A Modest Grand Theory

Albert Einstein, after his world-shaking General Theory of Relativity was published, validated, and accepted by the scientific community, spent the remainder of his life working on a Unified Field Theory that attempted to boil all physics down to one elemental formula, hopefully as elegantly simple as his earlier stroke of genius – E=mc2.  While he never achieved his Grand Theory, I fully understand his desire to distill complexity to simplicity.

On a far humbler scale, I have also been impelled to boil the seeming complexities of hospitality operations into a smaller number of principles that when followed would lead to organizational success.  What I’ve come to believe is that there are four basic requirements for any successful organizations.  They are:

  • Leadership – the skills that permit those who direct an enterprise to win the enthusiastic support and efforts of their followers to the accomplishment of specific goals and tasks.
  • Organization – the ability to structure and integrate the complex and interrelated programs and processes of the enterprise to promote efficient operations.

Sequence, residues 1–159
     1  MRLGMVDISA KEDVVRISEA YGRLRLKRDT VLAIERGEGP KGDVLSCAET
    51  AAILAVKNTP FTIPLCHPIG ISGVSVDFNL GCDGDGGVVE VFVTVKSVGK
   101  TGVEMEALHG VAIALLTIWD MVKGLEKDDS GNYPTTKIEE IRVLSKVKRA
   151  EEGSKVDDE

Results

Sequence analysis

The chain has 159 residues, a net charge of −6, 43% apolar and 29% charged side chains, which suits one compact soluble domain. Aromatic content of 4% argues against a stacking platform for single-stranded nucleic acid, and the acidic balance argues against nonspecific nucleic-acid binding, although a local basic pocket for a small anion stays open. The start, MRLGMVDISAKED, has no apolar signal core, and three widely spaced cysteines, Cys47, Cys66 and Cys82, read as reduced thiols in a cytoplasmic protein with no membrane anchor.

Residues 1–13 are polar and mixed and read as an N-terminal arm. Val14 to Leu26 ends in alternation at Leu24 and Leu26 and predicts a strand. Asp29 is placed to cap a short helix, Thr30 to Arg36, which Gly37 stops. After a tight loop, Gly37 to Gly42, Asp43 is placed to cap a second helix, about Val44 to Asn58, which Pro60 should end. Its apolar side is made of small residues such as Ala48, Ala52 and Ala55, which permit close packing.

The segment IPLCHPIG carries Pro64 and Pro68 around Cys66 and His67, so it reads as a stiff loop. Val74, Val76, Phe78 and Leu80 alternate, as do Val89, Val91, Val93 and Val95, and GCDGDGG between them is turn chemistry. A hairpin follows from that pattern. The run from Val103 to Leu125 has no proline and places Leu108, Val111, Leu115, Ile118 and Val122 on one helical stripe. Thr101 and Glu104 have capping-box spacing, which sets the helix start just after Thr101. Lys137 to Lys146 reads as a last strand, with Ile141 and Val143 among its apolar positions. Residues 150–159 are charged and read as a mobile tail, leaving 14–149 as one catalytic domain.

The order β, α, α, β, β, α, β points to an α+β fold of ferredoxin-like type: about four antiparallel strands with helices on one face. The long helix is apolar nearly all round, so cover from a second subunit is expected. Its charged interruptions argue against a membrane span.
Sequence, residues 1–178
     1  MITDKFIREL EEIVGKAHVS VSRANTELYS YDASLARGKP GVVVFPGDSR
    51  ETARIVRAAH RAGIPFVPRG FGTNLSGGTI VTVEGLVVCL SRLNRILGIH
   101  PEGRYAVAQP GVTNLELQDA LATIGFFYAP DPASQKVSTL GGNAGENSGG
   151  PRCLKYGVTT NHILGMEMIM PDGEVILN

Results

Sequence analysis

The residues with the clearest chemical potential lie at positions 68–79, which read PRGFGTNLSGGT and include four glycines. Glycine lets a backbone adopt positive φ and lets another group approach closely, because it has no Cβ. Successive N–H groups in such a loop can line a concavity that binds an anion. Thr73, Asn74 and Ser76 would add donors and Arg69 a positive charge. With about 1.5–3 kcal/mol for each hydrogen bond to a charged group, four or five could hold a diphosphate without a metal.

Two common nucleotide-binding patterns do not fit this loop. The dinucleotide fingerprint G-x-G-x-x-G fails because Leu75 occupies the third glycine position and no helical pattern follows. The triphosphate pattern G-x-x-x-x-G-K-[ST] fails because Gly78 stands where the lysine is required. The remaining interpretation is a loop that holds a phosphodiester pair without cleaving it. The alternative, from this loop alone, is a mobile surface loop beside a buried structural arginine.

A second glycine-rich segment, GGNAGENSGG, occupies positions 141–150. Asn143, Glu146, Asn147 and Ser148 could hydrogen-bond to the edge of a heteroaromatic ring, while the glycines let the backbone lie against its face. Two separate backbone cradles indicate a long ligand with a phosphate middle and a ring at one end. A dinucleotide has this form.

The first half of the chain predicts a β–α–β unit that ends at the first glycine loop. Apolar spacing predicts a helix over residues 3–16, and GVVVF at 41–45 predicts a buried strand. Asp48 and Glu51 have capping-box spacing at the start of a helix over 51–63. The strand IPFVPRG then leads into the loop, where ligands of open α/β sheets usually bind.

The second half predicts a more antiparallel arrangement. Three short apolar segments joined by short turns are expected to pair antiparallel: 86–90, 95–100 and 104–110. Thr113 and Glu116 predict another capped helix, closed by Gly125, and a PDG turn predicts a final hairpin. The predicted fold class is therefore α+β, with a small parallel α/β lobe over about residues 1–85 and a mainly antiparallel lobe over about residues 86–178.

• Management Disciplines – the ability to consistently implement generally-accepted requirements and best practices at all levels of the organization.
  • Hiring Well and Training Thoroughly – the programs and disciplines that cultivate the attraction and retention of the best talent, as well as consistent, efficient, and professional completion of all tasks and engagements with members.

Having outlined these four requirements, I would go on to say that they are all supported by one key element and that is discipline.

While complex business enterprises require both broad and specific skill sets for success, these mean little if each individual and the corporate group as a whole don’t have the intense and overriding discipline to focus daily on the essential tasks at hand and complete them as efficiently as possible.

Complex enterprises may be based on sound management ideas and theory, but without, as Jim Collins says, “disciplined people taking disciplined thought and engaged in disciplined action,” they will never build enduring greatness.  In other words, despite whatever talents your management team may possess, without discipline you’re just muddling through.

Thanks and have a great day!

Ed Rehkopf

This weekly blog comments on and discusses the hospitality industry and its challenges. From time to time, we will feature guest bloggers – those managers and industry experts who have something of interest to say to all of us. We also welcome feedback and comment upon the blog, hoping that it will become a useful sounding board for what’s on the minds of hardworking managers throughout the country and around the world.

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